Common Cause With Jumblatt
Praising Jumblatt’s courage in speaking out and shaking off Syrian influence, Gemayel said, “The Jumblatt family is a rich and cultured one, where political and religious legitimacy are combined. The Druze community is based on one-man leadership, first by the late Kamal Jumblatt [who was assassinated by Syria in 1977], and then his son, Walid. Some elements [meaning Syria] tried recently to curtail and contain the influence of Walid Jumblatt, but they failed to do so.”
Gemayel had a different opinion of his long-time foe Nabih Berri, the one-time Shi’i militia leader and current speaker of parliament. “All he did was inherit leadership of the Amal militia from the Imam Mousa al-Sadr,” Gemayel claimed. “We cannot disregard or forget the active and effective role that Syria played in boosting his leadership, as a leader of Amal in the Shi’i community. Berri is not an historic political leader,” Gemayel concluded, “but only a successor of one who derives his influence from Syrian support.”
The former president had a similar assessment of the current strongman of Lebanese Shi’i politics, Hezbollah chief Hasan Nasrallah, whose rise, in Gemayel’s view, “is the biggest result of Syrian-Iranian cooperation.”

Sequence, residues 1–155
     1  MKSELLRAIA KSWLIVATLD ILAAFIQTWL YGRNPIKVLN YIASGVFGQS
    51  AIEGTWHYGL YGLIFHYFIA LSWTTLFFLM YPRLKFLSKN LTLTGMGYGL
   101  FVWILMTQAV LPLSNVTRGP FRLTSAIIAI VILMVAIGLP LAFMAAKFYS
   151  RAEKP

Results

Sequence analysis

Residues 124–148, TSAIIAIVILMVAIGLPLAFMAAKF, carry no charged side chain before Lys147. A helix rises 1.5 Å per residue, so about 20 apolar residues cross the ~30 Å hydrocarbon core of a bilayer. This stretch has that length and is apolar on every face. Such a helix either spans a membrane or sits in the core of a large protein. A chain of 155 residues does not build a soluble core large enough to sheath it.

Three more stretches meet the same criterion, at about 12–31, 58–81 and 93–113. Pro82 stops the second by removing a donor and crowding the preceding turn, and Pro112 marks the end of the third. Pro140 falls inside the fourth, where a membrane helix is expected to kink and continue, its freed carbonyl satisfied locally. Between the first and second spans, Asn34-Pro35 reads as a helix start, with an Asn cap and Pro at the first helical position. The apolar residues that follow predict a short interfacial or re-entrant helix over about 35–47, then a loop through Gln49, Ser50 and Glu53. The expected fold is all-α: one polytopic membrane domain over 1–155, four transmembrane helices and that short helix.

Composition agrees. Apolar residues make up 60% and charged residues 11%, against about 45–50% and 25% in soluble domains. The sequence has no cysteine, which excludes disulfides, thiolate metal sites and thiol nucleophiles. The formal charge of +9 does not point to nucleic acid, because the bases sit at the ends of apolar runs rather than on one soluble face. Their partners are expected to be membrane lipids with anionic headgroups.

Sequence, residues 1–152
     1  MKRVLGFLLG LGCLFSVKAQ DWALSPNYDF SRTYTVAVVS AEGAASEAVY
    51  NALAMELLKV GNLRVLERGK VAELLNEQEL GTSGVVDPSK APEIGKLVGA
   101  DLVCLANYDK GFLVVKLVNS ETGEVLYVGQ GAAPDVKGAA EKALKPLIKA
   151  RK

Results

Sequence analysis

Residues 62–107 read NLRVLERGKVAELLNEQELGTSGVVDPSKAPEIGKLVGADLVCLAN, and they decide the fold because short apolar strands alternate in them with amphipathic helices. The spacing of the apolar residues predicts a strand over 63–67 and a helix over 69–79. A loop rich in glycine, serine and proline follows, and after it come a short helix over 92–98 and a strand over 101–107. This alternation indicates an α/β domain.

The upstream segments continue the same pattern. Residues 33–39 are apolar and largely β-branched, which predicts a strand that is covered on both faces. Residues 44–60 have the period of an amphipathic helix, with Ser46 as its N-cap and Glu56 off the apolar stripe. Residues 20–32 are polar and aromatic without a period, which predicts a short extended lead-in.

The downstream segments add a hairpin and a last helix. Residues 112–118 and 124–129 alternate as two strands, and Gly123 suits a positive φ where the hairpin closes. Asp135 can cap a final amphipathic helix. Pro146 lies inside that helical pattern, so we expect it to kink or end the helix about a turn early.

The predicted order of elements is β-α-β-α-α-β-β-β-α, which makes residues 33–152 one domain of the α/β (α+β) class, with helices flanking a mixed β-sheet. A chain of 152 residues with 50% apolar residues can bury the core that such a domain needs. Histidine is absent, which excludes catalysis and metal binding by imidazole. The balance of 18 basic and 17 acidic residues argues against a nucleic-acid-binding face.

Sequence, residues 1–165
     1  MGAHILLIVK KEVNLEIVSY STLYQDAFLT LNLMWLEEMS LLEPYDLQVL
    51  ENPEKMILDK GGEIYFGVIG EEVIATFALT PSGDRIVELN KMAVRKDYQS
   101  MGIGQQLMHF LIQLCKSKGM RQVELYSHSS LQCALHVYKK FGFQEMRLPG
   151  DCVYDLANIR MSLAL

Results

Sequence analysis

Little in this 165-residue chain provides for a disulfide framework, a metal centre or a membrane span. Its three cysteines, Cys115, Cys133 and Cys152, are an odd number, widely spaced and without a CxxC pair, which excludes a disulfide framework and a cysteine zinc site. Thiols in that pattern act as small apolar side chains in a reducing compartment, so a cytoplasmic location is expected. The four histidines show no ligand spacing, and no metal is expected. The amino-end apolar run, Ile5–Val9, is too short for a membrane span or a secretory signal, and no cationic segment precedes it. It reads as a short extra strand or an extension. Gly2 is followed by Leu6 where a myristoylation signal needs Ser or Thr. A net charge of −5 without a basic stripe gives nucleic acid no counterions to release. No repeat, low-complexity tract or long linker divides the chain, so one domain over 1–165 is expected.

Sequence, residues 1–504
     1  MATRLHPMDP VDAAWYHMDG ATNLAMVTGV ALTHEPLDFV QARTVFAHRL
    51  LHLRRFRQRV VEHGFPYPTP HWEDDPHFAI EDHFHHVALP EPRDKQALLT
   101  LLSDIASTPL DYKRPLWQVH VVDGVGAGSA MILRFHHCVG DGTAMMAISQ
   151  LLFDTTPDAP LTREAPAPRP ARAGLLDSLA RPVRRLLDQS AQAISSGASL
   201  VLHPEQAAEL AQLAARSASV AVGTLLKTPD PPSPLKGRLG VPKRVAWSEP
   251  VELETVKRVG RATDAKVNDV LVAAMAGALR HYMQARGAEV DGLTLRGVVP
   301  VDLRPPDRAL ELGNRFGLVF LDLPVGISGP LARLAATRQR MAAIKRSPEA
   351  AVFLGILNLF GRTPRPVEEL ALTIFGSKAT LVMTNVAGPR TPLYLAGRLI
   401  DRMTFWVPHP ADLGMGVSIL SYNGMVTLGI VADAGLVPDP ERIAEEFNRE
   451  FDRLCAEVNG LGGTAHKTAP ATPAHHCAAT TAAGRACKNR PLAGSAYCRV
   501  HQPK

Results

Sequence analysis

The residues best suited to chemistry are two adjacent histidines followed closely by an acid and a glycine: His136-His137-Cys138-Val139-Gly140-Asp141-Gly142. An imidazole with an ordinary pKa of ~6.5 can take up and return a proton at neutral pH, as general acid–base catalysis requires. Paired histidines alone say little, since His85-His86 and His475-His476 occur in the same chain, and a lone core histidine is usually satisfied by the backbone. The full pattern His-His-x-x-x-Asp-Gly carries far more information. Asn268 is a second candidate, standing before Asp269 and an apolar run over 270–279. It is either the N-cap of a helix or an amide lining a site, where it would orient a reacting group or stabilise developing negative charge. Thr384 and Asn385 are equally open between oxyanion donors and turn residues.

As for Lebanon’s Sunni Muslim community, he added, “Money politics played a fundamental role in solidifying the leadership of Prime Minister Rafiq al-Harriri, due to the suffocating economic conditions of the Sunni community.”
At the end of the day, Gemayel pointed out, all of Lebanon’s current leaders—whether Druze, Sunni or Shi’i—derive their legitimacy from Syria. Within Christian circles, however, he averred, “There is a fear of Syria, and deep caution among the emerging Maronite leaders, because of their demands for autonomy. The Syrians fear the resurrection of the Kataeb Party with someone like Amin Gemayel at its head, knowing that this would embarrass Damascus and corner its policies in Lebanon.”
It was this fear, he added, which resulted in Aoun’s exile and the imprisonment of Samir Geagea, “whose trial was political,” Gemayel alleged, and tailored to the needs of Syria. “There is pressure on the Kataeb Party and on myself,” he claimed. “I face pressure daily, and direct threats at times that hamper political maneuvering to re-create a real Maronite leadership.”